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Blake Robison Chats with 55KRC's Brian Thomas About the State of Cincinnati Arts

On Monday, April 20, Playhouse Artistic Director Blake Robison was a guest on 55KRC THE Talk Station, hosted by Brian Thomas, to discuss the state of arts organizations in Cincinnati right now. Listen to the full audio segment or read a transcription of the interview below.

BRIAN THOMAS: 8:40 right now at 55KRC THE Talk Station. Beautiful morning out there – there’s something to smile about. And something I’ve always praised the city of Cincinnati over … We moved to Chicago right after I graduated from law school – we were there for eight years – and living there had a profound impact on my perception of the city of Cincinnati. I took so much for granted when we moved up there – I mean Cincinnati I took for granted. So, when we moved back, I was like, “Oh, my god.” One of the things that we’ve got in this town – and it is amazing, given a town that’s our size – we’ve got every form of art that you can think of. And it’s really superior-quality stuff – from the Cincinnati Symphony Orchestra to the Shakespeare Company, Ensemble Theatre, we’ve got some great little theatres. And of course, we have the Playhouse in the Park as well, and I have Blake Robison – he’s the Artistic Director for Playhouse – to talk about what’s going on now amid this coronavirus shutdown. Blake, thanks for everything you guys do throughout the year, but it’s a strange year going on right now. Welcome to the program, sir.

BLAKE ROBISON: Nice to be here, Brian. It is strange indeed, isn’t it? You know, like most of the other groups, we had to cancel the very end of our season, and people were looking forward to those shows. But I guess the silver lining there is that it gives us a lot of time to plan for a very busy and active new season. We’re hopeful that everybody will be back in the theatre enjoying the arts after Labor Day.

Blake_02 Mikki Schaffner

Photo of Blake Robison by Mikki Schaffner.

Yeah, I hope so. And I was looking at some of the budgets out there — thanks to the Business Courier for doing some reporting on this — the arts organizations’ annual budgets range from on the order of half a million dollars up to five million dollars, and they all employ staff and part-time workers and contract artists and things of that nature. You, at least, at Playhouse said you fortunate enough to get through most of your season. How much revenue is the Playhouse out? Are you guys financially stable to make it into the next season?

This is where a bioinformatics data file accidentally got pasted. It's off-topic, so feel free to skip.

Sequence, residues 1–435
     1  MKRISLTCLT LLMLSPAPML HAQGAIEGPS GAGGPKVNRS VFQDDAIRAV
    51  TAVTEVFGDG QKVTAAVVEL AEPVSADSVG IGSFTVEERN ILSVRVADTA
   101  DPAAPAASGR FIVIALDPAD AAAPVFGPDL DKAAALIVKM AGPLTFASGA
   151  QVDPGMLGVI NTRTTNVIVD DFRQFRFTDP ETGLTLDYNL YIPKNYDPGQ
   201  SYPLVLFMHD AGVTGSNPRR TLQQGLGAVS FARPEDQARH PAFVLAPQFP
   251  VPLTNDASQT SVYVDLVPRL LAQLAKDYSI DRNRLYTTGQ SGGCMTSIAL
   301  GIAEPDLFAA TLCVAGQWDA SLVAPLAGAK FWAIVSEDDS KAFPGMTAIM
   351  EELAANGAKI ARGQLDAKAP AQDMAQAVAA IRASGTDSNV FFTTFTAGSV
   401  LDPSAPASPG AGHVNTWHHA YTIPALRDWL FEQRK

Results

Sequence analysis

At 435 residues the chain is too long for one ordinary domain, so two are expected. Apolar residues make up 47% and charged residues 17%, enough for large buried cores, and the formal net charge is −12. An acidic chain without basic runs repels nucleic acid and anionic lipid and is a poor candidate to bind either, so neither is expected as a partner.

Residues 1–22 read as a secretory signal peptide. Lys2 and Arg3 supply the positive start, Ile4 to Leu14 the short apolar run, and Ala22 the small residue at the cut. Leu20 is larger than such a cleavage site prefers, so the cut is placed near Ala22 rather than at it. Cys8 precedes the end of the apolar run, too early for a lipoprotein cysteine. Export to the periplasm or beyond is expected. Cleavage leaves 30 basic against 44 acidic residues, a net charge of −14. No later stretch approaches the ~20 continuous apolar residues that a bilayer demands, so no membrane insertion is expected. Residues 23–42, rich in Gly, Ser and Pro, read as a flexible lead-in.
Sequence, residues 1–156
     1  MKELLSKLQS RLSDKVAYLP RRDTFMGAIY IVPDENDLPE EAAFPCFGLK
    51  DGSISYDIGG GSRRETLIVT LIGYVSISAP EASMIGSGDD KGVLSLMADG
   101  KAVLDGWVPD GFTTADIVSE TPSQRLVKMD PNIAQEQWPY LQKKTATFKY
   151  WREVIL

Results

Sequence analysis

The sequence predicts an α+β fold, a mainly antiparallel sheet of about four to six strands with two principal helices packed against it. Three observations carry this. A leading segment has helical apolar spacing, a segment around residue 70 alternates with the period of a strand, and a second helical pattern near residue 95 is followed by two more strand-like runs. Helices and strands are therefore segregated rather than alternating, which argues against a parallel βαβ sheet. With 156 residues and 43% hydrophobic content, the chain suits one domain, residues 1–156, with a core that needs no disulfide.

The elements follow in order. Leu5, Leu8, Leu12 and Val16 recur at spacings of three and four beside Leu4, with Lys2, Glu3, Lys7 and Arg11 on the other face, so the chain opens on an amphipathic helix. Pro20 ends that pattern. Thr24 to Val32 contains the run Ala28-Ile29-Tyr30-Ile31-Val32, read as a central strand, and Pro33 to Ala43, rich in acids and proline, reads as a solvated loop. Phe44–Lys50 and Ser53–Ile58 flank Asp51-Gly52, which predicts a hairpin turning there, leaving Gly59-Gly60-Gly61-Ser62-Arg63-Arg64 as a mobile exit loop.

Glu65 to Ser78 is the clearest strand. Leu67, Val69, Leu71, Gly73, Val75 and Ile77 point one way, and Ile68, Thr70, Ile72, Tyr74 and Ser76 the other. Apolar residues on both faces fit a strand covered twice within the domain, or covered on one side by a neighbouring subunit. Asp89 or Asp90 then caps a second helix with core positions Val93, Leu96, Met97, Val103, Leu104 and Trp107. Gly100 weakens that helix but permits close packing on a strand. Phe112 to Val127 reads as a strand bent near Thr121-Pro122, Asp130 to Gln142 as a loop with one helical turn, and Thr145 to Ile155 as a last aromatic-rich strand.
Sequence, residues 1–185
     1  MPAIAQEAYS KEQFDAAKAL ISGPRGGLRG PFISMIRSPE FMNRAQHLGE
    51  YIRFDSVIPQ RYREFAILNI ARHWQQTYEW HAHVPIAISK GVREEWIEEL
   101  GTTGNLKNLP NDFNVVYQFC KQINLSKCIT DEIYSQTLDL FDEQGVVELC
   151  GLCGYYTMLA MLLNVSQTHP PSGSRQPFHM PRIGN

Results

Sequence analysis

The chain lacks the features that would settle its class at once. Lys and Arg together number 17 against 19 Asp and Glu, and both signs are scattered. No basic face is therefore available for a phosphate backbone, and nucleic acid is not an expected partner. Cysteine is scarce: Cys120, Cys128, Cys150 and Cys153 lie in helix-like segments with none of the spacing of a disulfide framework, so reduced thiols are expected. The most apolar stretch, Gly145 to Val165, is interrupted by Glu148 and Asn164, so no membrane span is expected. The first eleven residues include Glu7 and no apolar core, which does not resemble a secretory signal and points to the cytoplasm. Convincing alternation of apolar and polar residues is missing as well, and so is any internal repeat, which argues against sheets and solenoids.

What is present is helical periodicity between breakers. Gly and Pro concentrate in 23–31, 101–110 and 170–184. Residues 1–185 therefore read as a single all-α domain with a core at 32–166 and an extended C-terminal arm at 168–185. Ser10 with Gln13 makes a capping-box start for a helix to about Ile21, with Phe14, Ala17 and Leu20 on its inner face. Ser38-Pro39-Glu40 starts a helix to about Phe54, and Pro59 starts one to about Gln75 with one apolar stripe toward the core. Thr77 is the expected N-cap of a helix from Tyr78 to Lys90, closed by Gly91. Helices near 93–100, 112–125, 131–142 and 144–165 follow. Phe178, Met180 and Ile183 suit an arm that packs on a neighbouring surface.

BLAKE: Yeah, you know, we’re very fortunate to have a significant rainy-day fund that’s been built up over years and years of success. Every time we end with a little extra, we’ve been socking it away. And look outside, it’s pouring now. We had to cancel three shows at the end of the season, and for us – who perform every night – that was a big hit. We were looking at about two million dollars lost. But we’ve been able to shave all that back. We’re applying for one of these SBA loans that many small businesses are going out for, and I think you make a great point: These arts groups are businesses. We have 80 full-time employees and an annual budget of over 12 million dollars. So, these are real jobs for people who live in the Cincinnati area.

BRIAN: Yeah, no question about it… Again, reading these different stories about how coronavirus has impacted this shutdown generally — maybe it’s not the virus itself, it’s our reaction to it (logical or not) — but we don’t think about that or the ripple effect. I mean, who knew that your budgets were so big and that you employed so many people before this kind of thing hit the fan? You’re like, “Oh, my god, I thought they just showed up and practiced, and the next thing you know, the lights are on and I’m sitting there enjoying a show, Blake.”

BLAKE: That’s right, it’s so many people behind the scenes that you’re not aware of, and you’re not supposed to be, but we’re talking everybody from ticket-takers to carpenters and costume-sewers to the administrative people who are doing that work behind the scenes — and that’s before you even get to the actors and the directors and all the creative people onstage.

BRIAN: So, what are those people doing to bide their time right now, Blake?

BLAKE: Well, you know, some of them essentially have a longer summer than they thought they had. This crisis has challenged all of us to think a little more smartly about what we do online. And so, all the arts groups have a very robust online presence right now. Here at the Playhouse, we wanted to find a way to support local artists, local writers, local actors. So, we commissioned 10 local playwrights to write monologues — hopeful monologues — about what’s going on in the world, and then we also used some of our money to hire local actors, give them a little work during this pandemic, and they’re recording those monologues, and you can find them on our website, which is You could go to almost any arts group in the Tristate area — go to their website or their social media sites — and you’ll see there’s a lot of content online. So, we are staying busy. We’re trying to give people something to look forward to in the coming months.

BRIAN: We’ll pause for a minute, we’ll return with Blake Robison, Artistic Director of the Playhouse, and before I do that, I just want, on behalf of all my listeners out there, those who plan ahead, those who have I think sound guidance and wisdom insofar as how they treat their hard-earned dollars, I gotta applaud you. I want to applaud you on behalf of my listeners at the Playhouse for having a rainy-day fund, Blake. What a smart — I’m serious, my friend, it’s a good thing, and obviously you’re enjoying the fruits of your frugality over the years. Hold on, we’ll continue more with Blake Robison, Artistic Director at the Playhouse, after these brief words. Be right back.